Introduction and Executive Summary
Security officers of organizations face a new set of challenges in today’s world – particularly those that result from advanced persistent threats (APTs). APTs are able to thwart traditional perimeter security schemes by working patiently over long periods of time to compromise defenses and to manipulate employees to click on familiar looking but malicious websites and emails. Attackers infiltrate corporate networks and discover areas where sensitive data is located, vulnerable areas where confidential data is easiest to steal, which employees are most likely to handle such data, and how sensitive data routinely moves about the organization. For example, attackers can employ “low and slow” techniques of copying a few sensitive files per day over a long period of time once they discover a level of activity that keeps them below the organization’s monitoring thresholds.
In the past it was sufficient to guard the organization’s IT perimeter with tools such as firewalls, intrusion detection, and data loss prevention (DLP), these techniques are no longer effective by themselves against APTs, other sophisticated attacks and insider threats.
The solution is to add data-centric security to traditional perimeter security. Data-centric security includes techniques that protect data as it travels both within the organizational perimeter and beyond, by limiting access to sensitive data according to policies that cover both users and activities. It also includes techniques for determining where sensitive data exists throughout the enterprise, monitoring such data, and analyzing the ways in which users copy, move, and access it over time. It incorporates identity management systems to correlate specific users with activity on sensitive data. By using such techniques on a continuous basis, security officers can not only prevent unauthorized activity automatically but also detect suspicious behavior patterns that suggest APTs and take action before it’s too late.
A particular set of data-centric security techniques focuses on unstructured data – on files that are stored in PCs, file servers, and other repositories as well as on the mobile devices that more and more people are using to access enterprise networks – as it is stored, accessed, moved, and used over time.
Data-centric security should also allow users to work without undue interruptions as they pass information among multiple devices. A people-centric policy allows for flexibility and dynamic enforceability based on the contexts of content, users, devices, time of day, location, and so on, acknowledging the need for exceptions to predefined policies based on the unpredictable nature of legitimate data creation and usage while relying on advanced analytics to catch excessive deviations from the norm.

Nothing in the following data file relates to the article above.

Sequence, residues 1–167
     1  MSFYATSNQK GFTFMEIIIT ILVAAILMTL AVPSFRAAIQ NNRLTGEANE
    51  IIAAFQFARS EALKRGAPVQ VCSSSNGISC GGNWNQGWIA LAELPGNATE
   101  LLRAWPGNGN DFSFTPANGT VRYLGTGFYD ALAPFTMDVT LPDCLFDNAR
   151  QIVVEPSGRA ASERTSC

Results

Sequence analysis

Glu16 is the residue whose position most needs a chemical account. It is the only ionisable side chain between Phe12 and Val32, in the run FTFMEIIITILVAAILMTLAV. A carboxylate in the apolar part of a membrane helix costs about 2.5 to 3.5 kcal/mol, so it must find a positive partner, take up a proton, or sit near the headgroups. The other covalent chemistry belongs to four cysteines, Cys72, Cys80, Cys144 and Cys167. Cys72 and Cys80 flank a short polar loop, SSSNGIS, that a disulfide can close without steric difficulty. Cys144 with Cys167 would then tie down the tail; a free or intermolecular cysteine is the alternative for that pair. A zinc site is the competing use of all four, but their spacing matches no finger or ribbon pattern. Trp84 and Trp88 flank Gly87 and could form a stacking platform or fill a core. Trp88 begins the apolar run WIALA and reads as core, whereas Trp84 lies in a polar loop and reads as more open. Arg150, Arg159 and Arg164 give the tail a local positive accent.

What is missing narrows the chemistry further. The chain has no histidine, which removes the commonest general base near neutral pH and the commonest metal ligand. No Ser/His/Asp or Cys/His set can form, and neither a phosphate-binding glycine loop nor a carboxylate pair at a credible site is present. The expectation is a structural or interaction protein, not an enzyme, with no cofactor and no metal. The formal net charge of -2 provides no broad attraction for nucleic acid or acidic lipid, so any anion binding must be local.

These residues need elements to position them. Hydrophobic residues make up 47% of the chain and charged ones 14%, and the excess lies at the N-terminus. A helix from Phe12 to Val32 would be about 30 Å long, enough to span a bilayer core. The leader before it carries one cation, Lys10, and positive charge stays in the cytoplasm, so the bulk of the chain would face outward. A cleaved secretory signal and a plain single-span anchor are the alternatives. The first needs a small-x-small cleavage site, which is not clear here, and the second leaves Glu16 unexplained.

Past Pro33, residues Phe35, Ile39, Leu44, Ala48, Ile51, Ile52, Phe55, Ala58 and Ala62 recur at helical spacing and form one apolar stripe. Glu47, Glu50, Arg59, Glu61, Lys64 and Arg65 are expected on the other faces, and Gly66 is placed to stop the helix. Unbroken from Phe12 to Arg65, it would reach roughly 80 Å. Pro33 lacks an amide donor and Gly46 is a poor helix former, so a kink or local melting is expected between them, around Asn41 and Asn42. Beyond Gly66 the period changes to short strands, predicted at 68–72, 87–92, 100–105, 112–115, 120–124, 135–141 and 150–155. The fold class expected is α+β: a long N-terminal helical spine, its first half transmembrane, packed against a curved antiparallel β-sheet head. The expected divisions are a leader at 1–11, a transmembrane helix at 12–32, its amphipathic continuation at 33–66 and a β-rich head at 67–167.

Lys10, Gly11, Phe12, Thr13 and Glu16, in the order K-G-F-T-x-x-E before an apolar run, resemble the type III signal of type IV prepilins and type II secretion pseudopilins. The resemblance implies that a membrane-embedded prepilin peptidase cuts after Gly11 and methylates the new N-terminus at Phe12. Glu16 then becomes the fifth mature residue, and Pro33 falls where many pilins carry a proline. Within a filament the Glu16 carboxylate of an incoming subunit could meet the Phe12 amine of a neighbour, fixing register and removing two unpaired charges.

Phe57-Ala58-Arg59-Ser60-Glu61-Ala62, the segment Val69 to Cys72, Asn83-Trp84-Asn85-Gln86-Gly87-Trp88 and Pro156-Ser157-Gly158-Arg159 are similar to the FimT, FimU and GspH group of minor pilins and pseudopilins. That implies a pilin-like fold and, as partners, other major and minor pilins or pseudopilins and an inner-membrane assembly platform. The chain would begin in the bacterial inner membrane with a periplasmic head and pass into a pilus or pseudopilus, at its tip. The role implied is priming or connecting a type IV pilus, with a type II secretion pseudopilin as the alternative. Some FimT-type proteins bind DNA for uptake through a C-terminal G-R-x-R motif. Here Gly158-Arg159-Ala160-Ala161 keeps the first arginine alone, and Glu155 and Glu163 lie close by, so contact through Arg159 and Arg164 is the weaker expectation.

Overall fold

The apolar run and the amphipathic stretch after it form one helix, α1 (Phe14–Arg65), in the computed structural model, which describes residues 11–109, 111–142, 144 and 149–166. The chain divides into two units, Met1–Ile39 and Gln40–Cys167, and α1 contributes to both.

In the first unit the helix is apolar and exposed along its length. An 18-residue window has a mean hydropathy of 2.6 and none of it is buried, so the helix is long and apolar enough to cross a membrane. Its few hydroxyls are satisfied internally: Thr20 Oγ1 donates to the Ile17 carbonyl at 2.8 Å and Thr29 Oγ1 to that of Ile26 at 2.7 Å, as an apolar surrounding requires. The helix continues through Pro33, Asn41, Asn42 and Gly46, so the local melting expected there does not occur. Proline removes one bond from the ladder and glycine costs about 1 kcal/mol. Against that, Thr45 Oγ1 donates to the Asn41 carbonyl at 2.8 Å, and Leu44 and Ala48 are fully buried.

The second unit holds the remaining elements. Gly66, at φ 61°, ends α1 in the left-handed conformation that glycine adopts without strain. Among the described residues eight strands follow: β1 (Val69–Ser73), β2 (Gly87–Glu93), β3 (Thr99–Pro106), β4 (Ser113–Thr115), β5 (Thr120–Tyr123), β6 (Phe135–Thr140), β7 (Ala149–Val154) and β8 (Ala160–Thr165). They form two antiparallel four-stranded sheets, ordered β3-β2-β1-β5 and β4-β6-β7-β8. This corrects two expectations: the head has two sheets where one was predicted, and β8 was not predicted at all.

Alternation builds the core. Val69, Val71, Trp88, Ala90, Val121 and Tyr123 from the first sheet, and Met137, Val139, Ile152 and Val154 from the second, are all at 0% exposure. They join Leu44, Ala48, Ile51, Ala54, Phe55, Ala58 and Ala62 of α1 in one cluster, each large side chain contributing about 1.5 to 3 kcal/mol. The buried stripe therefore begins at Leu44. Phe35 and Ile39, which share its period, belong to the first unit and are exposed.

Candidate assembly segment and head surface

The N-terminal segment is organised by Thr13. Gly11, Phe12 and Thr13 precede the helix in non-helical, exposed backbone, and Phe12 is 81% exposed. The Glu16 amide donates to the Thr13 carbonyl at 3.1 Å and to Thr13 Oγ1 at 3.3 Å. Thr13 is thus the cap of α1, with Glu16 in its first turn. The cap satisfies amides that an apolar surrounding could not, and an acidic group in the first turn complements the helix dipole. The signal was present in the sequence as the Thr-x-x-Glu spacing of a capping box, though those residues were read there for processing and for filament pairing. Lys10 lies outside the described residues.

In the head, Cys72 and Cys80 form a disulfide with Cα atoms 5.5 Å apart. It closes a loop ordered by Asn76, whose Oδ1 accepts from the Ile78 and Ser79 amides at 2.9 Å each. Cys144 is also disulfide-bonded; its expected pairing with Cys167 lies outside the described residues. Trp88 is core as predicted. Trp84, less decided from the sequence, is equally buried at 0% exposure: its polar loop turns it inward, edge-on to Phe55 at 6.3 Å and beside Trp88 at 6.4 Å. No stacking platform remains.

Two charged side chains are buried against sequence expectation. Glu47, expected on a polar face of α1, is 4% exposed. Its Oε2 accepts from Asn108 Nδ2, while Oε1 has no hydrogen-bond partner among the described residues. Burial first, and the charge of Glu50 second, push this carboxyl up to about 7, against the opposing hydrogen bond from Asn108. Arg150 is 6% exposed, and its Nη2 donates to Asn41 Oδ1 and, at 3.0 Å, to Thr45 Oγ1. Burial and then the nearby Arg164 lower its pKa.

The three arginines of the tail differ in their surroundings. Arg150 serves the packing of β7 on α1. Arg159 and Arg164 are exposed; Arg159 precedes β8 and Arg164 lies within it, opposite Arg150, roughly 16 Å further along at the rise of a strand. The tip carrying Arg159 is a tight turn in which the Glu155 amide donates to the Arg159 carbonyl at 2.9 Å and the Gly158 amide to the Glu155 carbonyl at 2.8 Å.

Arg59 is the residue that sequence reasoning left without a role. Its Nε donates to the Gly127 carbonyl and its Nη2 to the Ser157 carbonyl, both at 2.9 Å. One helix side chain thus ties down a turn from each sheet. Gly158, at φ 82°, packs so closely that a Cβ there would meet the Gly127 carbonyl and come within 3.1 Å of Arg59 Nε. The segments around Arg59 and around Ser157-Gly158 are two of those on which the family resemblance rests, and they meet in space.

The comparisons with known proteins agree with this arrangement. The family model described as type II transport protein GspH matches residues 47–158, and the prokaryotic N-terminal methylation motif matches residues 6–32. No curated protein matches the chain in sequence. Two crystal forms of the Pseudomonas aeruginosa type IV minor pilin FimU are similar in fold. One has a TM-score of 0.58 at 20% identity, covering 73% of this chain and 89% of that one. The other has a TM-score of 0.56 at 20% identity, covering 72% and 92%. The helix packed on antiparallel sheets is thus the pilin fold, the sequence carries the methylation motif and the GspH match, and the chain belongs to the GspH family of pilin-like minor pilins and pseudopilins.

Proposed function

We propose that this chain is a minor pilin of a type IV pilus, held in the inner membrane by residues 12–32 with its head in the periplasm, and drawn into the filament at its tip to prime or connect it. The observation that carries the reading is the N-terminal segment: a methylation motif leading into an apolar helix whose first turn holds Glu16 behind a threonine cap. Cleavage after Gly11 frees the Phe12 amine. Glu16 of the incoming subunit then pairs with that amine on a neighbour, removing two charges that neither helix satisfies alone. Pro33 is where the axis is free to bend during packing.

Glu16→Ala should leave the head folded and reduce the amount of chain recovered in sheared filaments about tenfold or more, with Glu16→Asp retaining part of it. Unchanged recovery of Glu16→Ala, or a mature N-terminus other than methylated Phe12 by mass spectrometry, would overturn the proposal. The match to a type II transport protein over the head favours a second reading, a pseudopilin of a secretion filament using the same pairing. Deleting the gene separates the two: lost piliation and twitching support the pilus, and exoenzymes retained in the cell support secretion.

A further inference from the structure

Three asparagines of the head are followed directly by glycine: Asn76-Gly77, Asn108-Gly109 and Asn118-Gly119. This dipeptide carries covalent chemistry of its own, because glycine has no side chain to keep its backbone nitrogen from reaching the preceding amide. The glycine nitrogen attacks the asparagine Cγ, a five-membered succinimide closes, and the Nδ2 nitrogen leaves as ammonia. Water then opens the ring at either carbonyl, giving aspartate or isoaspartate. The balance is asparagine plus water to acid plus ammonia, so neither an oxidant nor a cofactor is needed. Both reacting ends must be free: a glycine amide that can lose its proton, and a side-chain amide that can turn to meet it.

This white paper discusses the Data Security Framework, Fasoo’s multi-level architecture for combating APTs through data-centric security for unstructured data and people-centric policies. The Data Security Framework consists of three Fasoo solutions, each of which has value on their own but together comprise a comprehensive approach to data-centric security.
The three components of the Fasoo Data Security Framework are shown in Figure 1. They are:
- Fasoo Data Radar: a data governance solution for discovering and classifying the constantly changing set of unstructured data based on its association with people and other characteristics, showing the data’s security vulnerability and dynamically applying
security policies on a continuous basis.
- Fasoo Enterprise DRM (FED): a persistent data security solution for protecting, controlling and tracing data throughout the enterprise – including data at rest, data in use, and data in motion – according to predefined policies based on user, group or role, or dynamically binding existing access control lists of information systems to enable file-level permissions at all times.
- Fasoo RiskView: a risk assessment solution for monitoring and analyzing users and their activities in using both protected and unprotected files, determining normal levels of activity, and using sophisticated data analysis techniques to discover deviations that may indicate security risks.
Traditional enterprise security includes three common components:
- Perimeter Security: techniques to inspect data as it moves across enterprise network boundaries. The most common perimeter security techniques include firewalls, intrusion detection and prevention, and Data Loss Prevention (DLP).
- Physical Security: systems that control physical access to a facility and log legitimate entries (and sometimes exits), via keycards, biometrics, or other means.
- Repositories: databases, content management systems, and other types of information repositories that have their own data-centric security schemes for information that resides in the repositories.
The Data Security Framework complements these components by providing data-centric security on unstructured data. In the remainder of this white paper, we will discuss each of the components of the Data Security Framework and how they complement one another.